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movii parvae et interrupti
By: Esther Powell
Posted on: Tue, September 01 2009 - 12:22 pm

movies

Well, I said it wasn't really fair to write about movies made for the big screen viewed on the small screen with numerous interruptions, but I find after three months of this silence I just can't resist.

Latin scholars - you can tell me how to improve my article title if you want.  It's kind of a joke, but I'm open to suggestions!  Like, should it be parvii?

We've watched almost six months of movies, one every day, and I'm going to start with the one we saw day before yesterday - the one that broke the dam of my silence (never a very solid one!)

The ones we already saw?  I'll mention them if future ones call them to mind!

August 30, 2009  Taxi to the Dark Side: A must-see documentary film for anyone in the U.S. of A. who thinks we are always the good guys.  There are no laughs in this one.

August 31, 2009  I, Robot:   I hear the critics were hard on this one, but I enjoyed it.  I don't watch so much science fiction that I am jaded, and it had an interesting twist that recalled 2001.

September 1, 2009  Word Wars: Scrabble documentary highlighting four contestants in a national tournament, unfortunately none of them women.  Oh well, it was really interesting both to scrabble aficionados and those who abstain. (This set represents two of us this time.)

September 2, 2009  Didn't have time for a movie for the first time in weeks, so I'll mention one that we saw in the week before I began this daily record:  French CanCan.  This film, directed, as I am told, by a Renoir whose father was the great impressionist painter, did not make it to the U.S. in the mid-fifties when it was first released.  Too risque!  Ha!  It is bright, colorful, humorous, and the cancan dance as depicted here is surprisingly er, well, let's say unpolished.  We liked it.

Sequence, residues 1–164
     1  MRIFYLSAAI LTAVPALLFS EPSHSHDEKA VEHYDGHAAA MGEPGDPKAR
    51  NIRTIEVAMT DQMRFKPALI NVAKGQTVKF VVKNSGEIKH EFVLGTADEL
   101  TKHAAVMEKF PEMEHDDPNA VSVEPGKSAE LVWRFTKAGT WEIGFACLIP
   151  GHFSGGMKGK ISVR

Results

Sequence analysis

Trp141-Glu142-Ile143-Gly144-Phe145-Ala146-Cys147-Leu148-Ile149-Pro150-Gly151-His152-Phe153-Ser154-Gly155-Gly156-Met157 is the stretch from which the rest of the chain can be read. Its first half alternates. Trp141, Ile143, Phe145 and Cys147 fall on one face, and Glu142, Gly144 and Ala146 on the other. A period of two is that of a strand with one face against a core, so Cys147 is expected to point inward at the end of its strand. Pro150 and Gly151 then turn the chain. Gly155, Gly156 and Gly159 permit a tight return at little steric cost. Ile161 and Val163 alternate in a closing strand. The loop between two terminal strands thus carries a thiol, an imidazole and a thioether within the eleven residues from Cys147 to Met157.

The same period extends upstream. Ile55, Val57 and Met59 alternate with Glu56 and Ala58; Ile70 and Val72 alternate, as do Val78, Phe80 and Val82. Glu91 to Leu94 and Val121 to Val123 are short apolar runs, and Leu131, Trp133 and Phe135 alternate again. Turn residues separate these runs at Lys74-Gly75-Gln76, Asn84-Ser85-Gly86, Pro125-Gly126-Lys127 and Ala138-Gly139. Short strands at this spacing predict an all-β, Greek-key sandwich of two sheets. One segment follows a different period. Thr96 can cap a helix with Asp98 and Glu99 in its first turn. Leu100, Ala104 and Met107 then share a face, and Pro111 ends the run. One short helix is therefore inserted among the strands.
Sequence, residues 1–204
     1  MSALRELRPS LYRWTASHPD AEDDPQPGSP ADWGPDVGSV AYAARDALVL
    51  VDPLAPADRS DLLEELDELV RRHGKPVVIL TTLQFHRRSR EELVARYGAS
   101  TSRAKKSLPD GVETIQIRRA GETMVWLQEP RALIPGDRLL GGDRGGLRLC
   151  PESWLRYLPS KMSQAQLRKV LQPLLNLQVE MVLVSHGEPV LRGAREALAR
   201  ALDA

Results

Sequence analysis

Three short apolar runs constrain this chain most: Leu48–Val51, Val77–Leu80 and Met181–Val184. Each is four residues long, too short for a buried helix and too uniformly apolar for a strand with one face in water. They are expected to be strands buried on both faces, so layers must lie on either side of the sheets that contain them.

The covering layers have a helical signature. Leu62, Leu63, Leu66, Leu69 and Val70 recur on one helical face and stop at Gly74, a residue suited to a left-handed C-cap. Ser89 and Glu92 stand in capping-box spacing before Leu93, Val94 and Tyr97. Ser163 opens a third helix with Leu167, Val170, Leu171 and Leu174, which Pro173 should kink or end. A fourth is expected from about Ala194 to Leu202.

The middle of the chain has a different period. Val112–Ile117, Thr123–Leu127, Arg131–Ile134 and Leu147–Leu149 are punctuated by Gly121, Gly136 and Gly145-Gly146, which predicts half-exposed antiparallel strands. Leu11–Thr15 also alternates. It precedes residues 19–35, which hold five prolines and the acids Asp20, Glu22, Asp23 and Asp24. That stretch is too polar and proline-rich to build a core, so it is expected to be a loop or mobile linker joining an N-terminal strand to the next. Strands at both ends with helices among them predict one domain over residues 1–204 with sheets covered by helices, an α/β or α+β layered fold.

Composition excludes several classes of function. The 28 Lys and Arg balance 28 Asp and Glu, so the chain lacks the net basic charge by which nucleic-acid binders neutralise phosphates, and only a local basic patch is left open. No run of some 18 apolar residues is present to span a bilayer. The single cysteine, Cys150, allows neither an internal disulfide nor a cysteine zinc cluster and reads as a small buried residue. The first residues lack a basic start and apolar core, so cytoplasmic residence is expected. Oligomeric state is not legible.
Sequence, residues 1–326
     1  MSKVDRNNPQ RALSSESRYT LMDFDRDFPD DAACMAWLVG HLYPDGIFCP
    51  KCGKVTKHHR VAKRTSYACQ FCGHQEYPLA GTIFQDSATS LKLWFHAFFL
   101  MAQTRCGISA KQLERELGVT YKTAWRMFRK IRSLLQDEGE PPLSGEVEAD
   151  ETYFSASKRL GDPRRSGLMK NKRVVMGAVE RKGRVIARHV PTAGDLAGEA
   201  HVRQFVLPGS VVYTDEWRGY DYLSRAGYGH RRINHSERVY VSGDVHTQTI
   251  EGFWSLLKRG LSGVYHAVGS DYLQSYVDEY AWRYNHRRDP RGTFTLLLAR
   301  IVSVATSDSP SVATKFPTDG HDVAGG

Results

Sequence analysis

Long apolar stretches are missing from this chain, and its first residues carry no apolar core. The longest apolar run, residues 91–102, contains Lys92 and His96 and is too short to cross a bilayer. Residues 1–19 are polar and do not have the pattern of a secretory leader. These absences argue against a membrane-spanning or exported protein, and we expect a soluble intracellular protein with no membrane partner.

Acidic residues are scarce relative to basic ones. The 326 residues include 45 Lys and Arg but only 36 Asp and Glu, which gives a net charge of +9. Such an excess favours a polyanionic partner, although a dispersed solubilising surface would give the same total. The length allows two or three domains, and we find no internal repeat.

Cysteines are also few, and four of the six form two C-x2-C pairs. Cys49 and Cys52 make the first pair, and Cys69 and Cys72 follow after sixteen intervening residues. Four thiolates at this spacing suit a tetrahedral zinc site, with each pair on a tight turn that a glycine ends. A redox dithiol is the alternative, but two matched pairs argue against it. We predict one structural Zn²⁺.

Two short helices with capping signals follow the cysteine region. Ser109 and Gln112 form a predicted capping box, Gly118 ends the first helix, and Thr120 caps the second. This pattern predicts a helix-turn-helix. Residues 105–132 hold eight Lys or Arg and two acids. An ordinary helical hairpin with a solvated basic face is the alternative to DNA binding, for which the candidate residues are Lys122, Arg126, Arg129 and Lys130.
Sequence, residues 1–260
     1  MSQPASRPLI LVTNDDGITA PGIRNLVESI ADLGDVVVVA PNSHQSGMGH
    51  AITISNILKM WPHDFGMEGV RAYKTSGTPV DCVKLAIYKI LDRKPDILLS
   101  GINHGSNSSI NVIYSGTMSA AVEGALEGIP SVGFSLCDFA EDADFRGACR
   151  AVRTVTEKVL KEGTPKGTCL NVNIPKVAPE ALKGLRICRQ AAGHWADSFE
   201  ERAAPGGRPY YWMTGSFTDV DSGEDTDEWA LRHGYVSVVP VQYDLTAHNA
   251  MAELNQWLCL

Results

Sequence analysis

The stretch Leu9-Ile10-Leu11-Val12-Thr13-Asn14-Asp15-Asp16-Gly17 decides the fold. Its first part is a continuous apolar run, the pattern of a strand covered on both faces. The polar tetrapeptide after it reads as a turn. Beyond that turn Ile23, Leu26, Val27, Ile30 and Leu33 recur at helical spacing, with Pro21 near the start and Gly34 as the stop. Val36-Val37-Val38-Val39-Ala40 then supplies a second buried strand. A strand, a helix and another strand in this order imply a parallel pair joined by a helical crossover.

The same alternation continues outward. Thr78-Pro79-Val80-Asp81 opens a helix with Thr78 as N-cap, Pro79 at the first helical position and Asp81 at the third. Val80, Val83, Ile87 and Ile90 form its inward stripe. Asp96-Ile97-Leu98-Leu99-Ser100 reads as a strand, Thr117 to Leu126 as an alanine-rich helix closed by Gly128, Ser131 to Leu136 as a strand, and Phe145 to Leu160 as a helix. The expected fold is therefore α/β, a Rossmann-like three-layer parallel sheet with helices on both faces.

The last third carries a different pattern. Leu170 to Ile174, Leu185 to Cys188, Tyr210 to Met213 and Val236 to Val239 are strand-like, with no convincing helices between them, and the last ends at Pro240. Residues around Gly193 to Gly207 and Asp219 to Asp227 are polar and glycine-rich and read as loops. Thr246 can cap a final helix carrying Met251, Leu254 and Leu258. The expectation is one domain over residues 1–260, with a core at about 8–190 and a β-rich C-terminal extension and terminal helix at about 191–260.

September 3, 2009  Interview with the Assassin:  An intriguing mockumentary idea.  For what it is, well-done if quite dismal.  I think it is a movie that is suitable for the small screen, and would not find an invitation to see it again on the big screen tempting.

Amazingly convincing, though!

Sept. 4, 09  Suspect Zero:  Ben Kingsley notwithstanding, just weird.  I rate it a nasal "enh" with a shrug.  Was frustrated to see they had my idea for - but no - don't want to ruin it for you!  Why ruin a good shrug?

Sept. 5, 09  Inside the Vatican:  A National Geographic film that I checked out mostly from curiosity to see some of the glories within.  Martin Sheen narrates in an upbeat but bland voice, which I will not blame for putting me to sleep.  Documentaries that are not really creatively pepped up or controversial tend to do that to me.  What I saw was interesting, though:  a nun who has spent thirty-five years restoring a 16th-century tapestry;  a tailor who makes the very complicated ornate uniforms of the Swiss palace guard;  a photographer who has a full-time job taking pictures of His Holiness.